Jose Basulto, Eugenio de Sosa y Marcelino Feal presentaron ayer la demanda en el Palacio de Justicia de Bruselas junto con su abogado belga, Paul Sher, y el estadounidense, Larry Klayman.

Los querellantes se basan en la ley belga de 1993 --ampliada en 1999-- que atribuye competencia universal a la justicia de ese pais por crimenes de guerra, genocidio y crimenes contra la humanidad, independientemente del lugar donde se cometieron y las nacionalidades y lugares de residencia de las victimas y los acusados.

Con base en esta ley han sido demandados varios dirigentes de distintos pases, entre ellos el ex dictador chileno Augusto Pinochet y el actual primer ministro israel, Ariel Sharon.

``Espero encontrar justicia aqu en Europa y tambien en Estados Unidos'', donde se lleva a cabo un proceso, declaro Basulto, presidente de Hermanos al Rescate (Brothers to the Rescue), quien sobrevivio en 1996 a un ataque de aviones de Cuba contra tres aparatos de su asociacion. En el incidente murieron cuatro personas.

``Vamos a poner a Fidel Castro donde debera estar'', asegura Eugenio Sosa Chabau, empresario y editor opositor al regimen de Castro, que fue torturado en prision entre 1960 y 1980.

El medico de 69 años, Marcelino Feal, prisionero politico durante 17 años, se manifesto ``orgulloso de estar en un pais que tradicionalmente respeta la libertad y la justicia''.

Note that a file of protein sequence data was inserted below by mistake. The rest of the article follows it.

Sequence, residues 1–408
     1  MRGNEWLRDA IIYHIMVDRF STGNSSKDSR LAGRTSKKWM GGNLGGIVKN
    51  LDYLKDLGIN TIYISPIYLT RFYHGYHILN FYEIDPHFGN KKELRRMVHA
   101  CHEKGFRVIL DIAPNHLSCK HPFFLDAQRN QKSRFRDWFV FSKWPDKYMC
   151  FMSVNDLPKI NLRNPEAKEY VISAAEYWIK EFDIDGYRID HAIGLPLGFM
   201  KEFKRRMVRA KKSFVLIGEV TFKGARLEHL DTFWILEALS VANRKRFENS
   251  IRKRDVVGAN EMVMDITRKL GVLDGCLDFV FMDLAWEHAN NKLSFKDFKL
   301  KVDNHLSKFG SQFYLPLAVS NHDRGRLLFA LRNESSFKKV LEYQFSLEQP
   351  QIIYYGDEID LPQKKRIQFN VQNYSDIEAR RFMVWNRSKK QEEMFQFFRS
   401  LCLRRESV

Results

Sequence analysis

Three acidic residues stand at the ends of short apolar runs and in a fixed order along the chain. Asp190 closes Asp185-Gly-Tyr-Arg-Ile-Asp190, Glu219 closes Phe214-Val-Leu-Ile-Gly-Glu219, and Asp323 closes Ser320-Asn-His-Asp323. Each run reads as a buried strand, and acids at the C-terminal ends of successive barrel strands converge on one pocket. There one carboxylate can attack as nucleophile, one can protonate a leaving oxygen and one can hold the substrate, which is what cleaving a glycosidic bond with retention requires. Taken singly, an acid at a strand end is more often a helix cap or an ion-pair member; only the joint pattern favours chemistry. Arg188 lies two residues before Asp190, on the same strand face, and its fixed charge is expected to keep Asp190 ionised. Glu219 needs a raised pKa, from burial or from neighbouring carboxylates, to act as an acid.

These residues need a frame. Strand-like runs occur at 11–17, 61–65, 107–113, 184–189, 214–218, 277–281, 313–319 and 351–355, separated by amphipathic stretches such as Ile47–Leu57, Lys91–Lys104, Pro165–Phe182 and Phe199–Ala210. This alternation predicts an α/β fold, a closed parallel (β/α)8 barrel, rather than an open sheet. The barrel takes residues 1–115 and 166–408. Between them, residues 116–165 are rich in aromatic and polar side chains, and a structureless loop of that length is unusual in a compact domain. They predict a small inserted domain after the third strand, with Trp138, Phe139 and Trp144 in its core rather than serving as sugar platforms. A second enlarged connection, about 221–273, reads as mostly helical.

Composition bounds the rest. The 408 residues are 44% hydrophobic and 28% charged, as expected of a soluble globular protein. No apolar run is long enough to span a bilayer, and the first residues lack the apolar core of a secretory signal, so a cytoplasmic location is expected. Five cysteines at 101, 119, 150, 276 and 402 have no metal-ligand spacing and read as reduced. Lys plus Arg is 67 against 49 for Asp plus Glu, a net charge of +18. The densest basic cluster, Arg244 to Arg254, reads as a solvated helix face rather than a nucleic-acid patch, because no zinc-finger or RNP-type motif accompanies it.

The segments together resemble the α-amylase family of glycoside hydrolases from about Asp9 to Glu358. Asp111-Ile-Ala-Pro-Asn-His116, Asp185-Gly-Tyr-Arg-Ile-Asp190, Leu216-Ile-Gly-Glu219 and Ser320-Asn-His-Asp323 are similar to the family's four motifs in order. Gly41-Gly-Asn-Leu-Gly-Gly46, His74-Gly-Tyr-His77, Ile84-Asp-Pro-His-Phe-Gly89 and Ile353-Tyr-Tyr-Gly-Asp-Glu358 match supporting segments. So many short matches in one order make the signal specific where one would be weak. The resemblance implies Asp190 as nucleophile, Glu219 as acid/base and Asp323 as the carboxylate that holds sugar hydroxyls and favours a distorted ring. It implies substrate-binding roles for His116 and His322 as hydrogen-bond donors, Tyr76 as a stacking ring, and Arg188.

Los otros querellantes son la organizacion Hermanos al rescate, Sergio Perodin, Maria Victoria Garcia, Eva Barba y dos cubanos residentes en Belgica cuyos nombres no fueron facilitados por seguridad.

Perodín y García sobrevivieron el 13 de julio de 1994 al hundimiento, a manos de barcos del gobierno cubano, de la embarcacin en la que se dirigan a Florida. En la accion murieron 41 personas, entre ellas el hijo y la esposa de Perodin, y 14 familiares de Garcia. La justicia belga se pronunciar ``en los proximos das'' sobre la admisibilidad de la querella y, en caso positivo, nombrara a un juez de instruccion. Klayman expreso su ``confianza en la justicia belga, que es independiente del gobierno''. Si se lleva a cabo el proceso, se ``evitar que Castro viaje a Europa durante este tiempo'', segn Klayman, que consider ``posible que Castro pudiera ser extraditado a la UE''. El abogado estimo que tanto en Europa como en Estados Unidos hay una ``falta de informacion'' sobre las violaciones de derechos humanos en Cuba y que la UE hace ``un juicio erroneo'' de la situacion, aunque ``obviamente el poder judicial har un juicio diferente''.